In all of
Brooklyn, from Coney Island to the Gowanus Canal, there is only one 18-hole
golf course. And as might be expected, the game played there, although
outwardly resembling golf, is quite different from the gentlemanly sport
performed under normal, country club conditions.
thousand players use the Dyker Beach Golf Course each 12-month season. In
addition to being the course with the world's most well-trodden fairways, Dyker
is also the one where the incumbent pro, Tommy Strafaci, was brought up on the
course (his father had a house on what is now the first tee and raised goats,
hogs and vegetables on the second fairway); where the undershirt is a classic
costume for hot summer days (topped by a bright plaid cap); and where the
insult is the common and formal method of communication ("Hey, drop that
ball, ya crumb!").
The Dyker course
is municipally owned and commands a rather fine view of Lower New York Bay past
the Narrows, although it is doubtful if any golfer has ever lifted his head
long enough to admire it.
all graduates of Ebbets Field and stormy days with the Dodgers, have been
tossing pop bottles at umpires since infancy and enjoy nothing quite so much as
a loud, vigorous hassle. Their game is rowdy, democratic and argumentative; and
Dyker fairways resound with threats and the noise of Brooklyn voices raised in
altercation. At the shriek of "fore!" players automatically drop their
arguments and their clubs and assume a crouching position with arms wrapped
over their heads—a defense similar to that recommended for an atom bomb. There
is no way of telling from what direction the ball might come, since at Dyker so
many fairways are cozily adjacent and so many players have spectacular hooks
It takes stamina
and a rare sense of dedication to become an authentic Dykerite. It is helpful
to have been born in Brooklyn, or at least to have moved there early in life.
Out-of-town golfers who wander onto the course, either ignorant of its
reputation or fascinated by the stories they've heard, have been known to quit
after a few holes, thoroughly baffled and unhappy. In many cases the
uninitiated may register but become so frustrated during the long wait that
they never get to tee off at all.
Waiting time on
a fine Sunday ranges from three to five hours. The alltime waiting record—about
six hours—was set on a purely local holiday, Brooklyn Anniversary Day of 1940,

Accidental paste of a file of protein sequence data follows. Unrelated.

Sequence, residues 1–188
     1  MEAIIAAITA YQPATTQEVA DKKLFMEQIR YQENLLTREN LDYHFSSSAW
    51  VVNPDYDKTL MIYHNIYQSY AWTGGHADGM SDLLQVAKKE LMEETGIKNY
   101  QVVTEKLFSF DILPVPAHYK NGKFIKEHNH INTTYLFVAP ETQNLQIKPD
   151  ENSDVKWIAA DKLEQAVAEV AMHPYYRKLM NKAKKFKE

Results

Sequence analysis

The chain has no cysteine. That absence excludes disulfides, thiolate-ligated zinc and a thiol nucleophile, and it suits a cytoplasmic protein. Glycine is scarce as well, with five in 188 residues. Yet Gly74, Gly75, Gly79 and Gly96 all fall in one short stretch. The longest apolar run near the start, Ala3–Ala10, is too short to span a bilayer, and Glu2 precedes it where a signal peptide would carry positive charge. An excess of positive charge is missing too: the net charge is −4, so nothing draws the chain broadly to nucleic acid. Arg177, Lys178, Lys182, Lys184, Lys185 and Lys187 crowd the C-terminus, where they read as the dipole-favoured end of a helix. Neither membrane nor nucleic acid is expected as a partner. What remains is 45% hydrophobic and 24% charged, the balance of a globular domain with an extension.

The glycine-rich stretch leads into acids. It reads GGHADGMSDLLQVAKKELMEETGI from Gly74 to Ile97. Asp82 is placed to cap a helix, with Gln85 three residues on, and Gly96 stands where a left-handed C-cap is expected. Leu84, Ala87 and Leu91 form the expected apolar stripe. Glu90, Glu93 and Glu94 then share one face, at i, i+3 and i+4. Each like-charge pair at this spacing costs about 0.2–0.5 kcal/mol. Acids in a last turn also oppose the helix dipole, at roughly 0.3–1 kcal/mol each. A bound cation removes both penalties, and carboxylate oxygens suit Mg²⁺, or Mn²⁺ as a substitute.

when 860 players signed up.
As at all New
York City municipal courses, each player is given a number on registration, and
these numbers are posted by the starter on a blackboard directly behind the
first tee. If anybody is waiting, golfers are required to play in foursomes—and
on a Dyker weekend there is always somebody waiting. The first players arrive
before 3:30 a.m., deposit their golf bags in front of the clubhouse and curl up
in their cars for a nap. By 5 there are dozens of people milling around in the
chill gray light, breakfastless, belligerent and talkative.
"So I get up
at 4 o'clock with all the other nuts, and there's still this bunch a jerks
ahead of me!" ... "You laughin' at my swing? What's so funny?"
"Nuttin's funny. I'm just laughin' to be social."..."That guy over
there, I ain't seen him for 25 years, not since he beaned me with a 2-iron shot
when I was 11."..."So this bum got sore when I sneezed on his drive.
After that I don't talk no more. Even when I step on his foot, I don't say
'excuse me.' "
The members of a
pickup foursome introduce themselves informally, by first names only. A Dyker
golfer may find himself teamed up with a municipal court judge (Joe), a
Flatbush housewife (Mabel) and a city bus driver (Hoibert)—a state of affairs
which has led to the breakdown of the few remaining social distinctions in
Brooklyn. Women, who make up one-fourth of the players, are shown no mercy and
little respect; in fact there is no look as openly horrified as that on the
face of a male Dykerite who finds himself inextricably involved with three lady
duffers. Occasionally a quick-thinking man in such a predicament will invent an
urgent phone call and allow his number to be pushed back on the board, but most
trudge along, audibly lamenting their fate. They will permit their lady
partners to remove and replace the flag on each green, to locate their lost
balls and will even condescend to give a few well-chosen pointers on the game
("When ya hit through, honey, ya gotta be square with the hole—get the
pernt?")—but they are not happy.
Once a foursome
starts on its way, it is at the mercy of eight people, the foursome immediately
in front and the foursome behind.